The Boks’ game of SHAME
Ex-players say all is not lost after team survives scrum scare at hands of Argentina
Two former Bok front row forwards have urged restraint in condemning the side after the strike to the heart delivered by Argentina last Saturday.
Springbok fans are still reeling after the Boks managed to escape with a 33-31 win after trailing 16-28 with 20 minutes to go.
The alarm bells started ringing with the way the Puma pack manhandled the Springbok forwards.
A Springbok pack has been bested before, but never has a green-and-gold scrum been so comprehensively annihilated for the duration of a match.
Nick Mallett said the front row had been humiliated and it was embarrassing.
Referee Jonathan Kaplan weighed in by observing that “our scrum was bullied and shunted around”. A Springbok scrum? That’s unheard of, yet it did happen.
It signalled a watershed moment for coach Heyneke Meyer and perhaps the breaking point for a few Bok careers.
But while conceding that events in the Estadio Padre Ernesto Martearena were horrifying, former Springbok prop Ockie Oosthuizen and hooker John Allan cautioned South African supporters not to wallow in what has quickly become the shame of Salta.
Oosthuizen said: “There is no doubt the Springboks can and should be much better than that, but there is no getting away from the fact that the new scrum law does not suit us at all.
“There can be no argument that the loose head is favoured because there is very little the tight head can do to dominate him.
“The tight head, who is scrumming against two guys, is meant to eliminate the loose head, but there’s little he can do against a strong and clever opponent. He can’t hit in or pull down and the long bind he’s expected to get puts him at a disadvantage because he has no power with his arm extended.
“If you get a referee who does not ensure a fair contest, the poor number three, unless he possesses brute strength, is up against it.”
But Oosthuizen did question if the Boks were working hard enough at perfecting their scrummaging technique. “The only way to get on top of it is in ‘live’ scrums against another pack – you’ve got to go at it for hours and hours, and through hundreds of scrums – I just don’t think they’re doing that any more.”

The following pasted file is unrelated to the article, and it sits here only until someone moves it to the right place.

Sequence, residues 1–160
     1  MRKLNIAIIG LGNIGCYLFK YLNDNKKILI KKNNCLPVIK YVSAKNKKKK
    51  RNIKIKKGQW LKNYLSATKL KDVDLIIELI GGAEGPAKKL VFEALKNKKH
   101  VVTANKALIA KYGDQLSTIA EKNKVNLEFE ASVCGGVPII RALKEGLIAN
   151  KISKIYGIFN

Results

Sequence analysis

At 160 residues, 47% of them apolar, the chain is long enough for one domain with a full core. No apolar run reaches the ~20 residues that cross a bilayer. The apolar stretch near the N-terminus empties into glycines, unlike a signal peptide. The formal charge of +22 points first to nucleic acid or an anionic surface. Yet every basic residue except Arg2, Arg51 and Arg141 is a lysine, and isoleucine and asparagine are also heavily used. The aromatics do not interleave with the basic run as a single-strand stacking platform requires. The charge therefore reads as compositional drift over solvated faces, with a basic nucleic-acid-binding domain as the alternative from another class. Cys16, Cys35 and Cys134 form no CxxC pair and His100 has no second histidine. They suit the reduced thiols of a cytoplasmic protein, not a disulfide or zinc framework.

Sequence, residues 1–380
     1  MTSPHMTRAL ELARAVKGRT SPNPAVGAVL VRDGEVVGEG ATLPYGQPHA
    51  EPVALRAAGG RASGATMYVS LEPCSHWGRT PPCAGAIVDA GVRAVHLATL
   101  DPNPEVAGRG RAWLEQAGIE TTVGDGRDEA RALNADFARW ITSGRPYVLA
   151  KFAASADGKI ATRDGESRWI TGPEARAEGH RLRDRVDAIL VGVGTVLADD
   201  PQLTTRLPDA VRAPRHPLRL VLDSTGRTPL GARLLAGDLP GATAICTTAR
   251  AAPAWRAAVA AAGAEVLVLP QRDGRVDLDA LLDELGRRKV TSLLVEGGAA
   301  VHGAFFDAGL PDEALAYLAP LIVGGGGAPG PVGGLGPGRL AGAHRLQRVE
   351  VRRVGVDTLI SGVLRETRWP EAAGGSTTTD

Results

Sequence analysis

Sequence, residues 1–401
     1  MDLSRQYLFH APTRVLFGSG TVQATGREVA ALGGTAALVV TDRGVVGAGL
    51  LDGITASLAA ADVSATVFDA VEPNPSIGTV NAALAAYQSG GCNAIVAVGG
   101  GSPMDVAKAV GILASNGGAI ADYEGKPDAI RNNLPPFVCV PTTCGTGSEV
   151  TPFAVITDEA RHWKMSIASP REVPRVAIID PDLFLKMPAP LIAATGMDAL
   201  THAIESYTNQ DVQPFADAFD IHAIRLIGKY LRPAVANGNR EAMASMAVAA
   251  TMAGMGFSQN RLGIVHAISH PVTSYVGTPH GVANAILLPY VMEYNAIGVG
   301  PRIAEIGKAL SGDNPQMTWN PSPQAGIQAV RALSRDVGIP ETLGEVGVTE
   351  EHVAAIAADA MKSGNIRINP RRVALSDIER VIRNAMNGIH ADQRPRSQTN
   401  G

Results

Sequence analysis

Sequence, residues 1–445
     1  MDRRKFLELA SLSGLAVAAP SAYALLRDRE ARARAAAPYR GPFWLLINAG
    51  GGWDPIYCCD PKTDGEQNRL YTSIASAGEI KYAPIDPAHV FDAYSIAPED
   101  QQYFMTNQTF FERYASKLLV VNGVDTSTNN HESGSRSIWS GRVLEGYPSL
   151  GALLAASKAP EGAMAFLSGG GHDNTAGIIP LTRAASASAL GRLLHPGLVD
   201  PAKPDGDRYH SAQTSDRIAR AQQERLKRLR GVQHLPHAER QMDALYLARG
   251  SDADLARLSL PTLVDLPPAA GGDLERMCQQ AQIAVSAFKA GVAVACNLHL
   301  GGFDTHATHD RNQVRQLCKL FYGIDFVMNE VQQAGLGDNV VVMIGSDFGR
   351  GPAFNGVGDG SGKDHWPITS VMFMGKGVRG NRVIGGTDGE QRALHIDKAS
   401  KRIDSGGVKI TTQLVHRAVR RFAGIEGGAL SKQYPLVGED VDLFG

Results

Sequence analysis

“Woeful is the word,” said Allan when asked what he thought about the Boks’ performance. “The way the scrum is being set certainly plays into the hands of the Argies with their Bajada scrumming technique and then you run into a ref who doesn’t call it right. You’re on a hiding to nothing.”
Allan said the Springboks had missed the calming influence of Victor Matfield.
“Someone needed to take control out there – slow it down, set up close, increase the gap, hit right, hit left, mix it up a little and not give the Argies such a free ride.”
Allan also wondered if the Springboks were working well as a unit. “When Federico Méndez [former Argentine hooker] was here [with the Sharks], he taught us the fundamentals of Argentinian scrummaging. The one thing is that the loosies have to stay in and shove. It’s a basic, but what we saw from the Boks was bad.”
Allan echoed Oosthuizen’s concerns about the psychological effect of the scrummaging implosion on the team in the game and in the rest of the Rugby Championship.
“The Argies have robbed us of our aura, but all is not lost.
“Fortunately, our next test is against the Aussies and they’re not known for their scrummaging. We need to hit right back, especially because they will be thinking they can handle us.
“But if we get scrummed by the Aussies, then it will be time to hit the panic button,” said Allan.
HEADACHE The Springboks scrum during the Castle Lager Rugby Championship against Argentina. This aspect of their game has come under severe criticism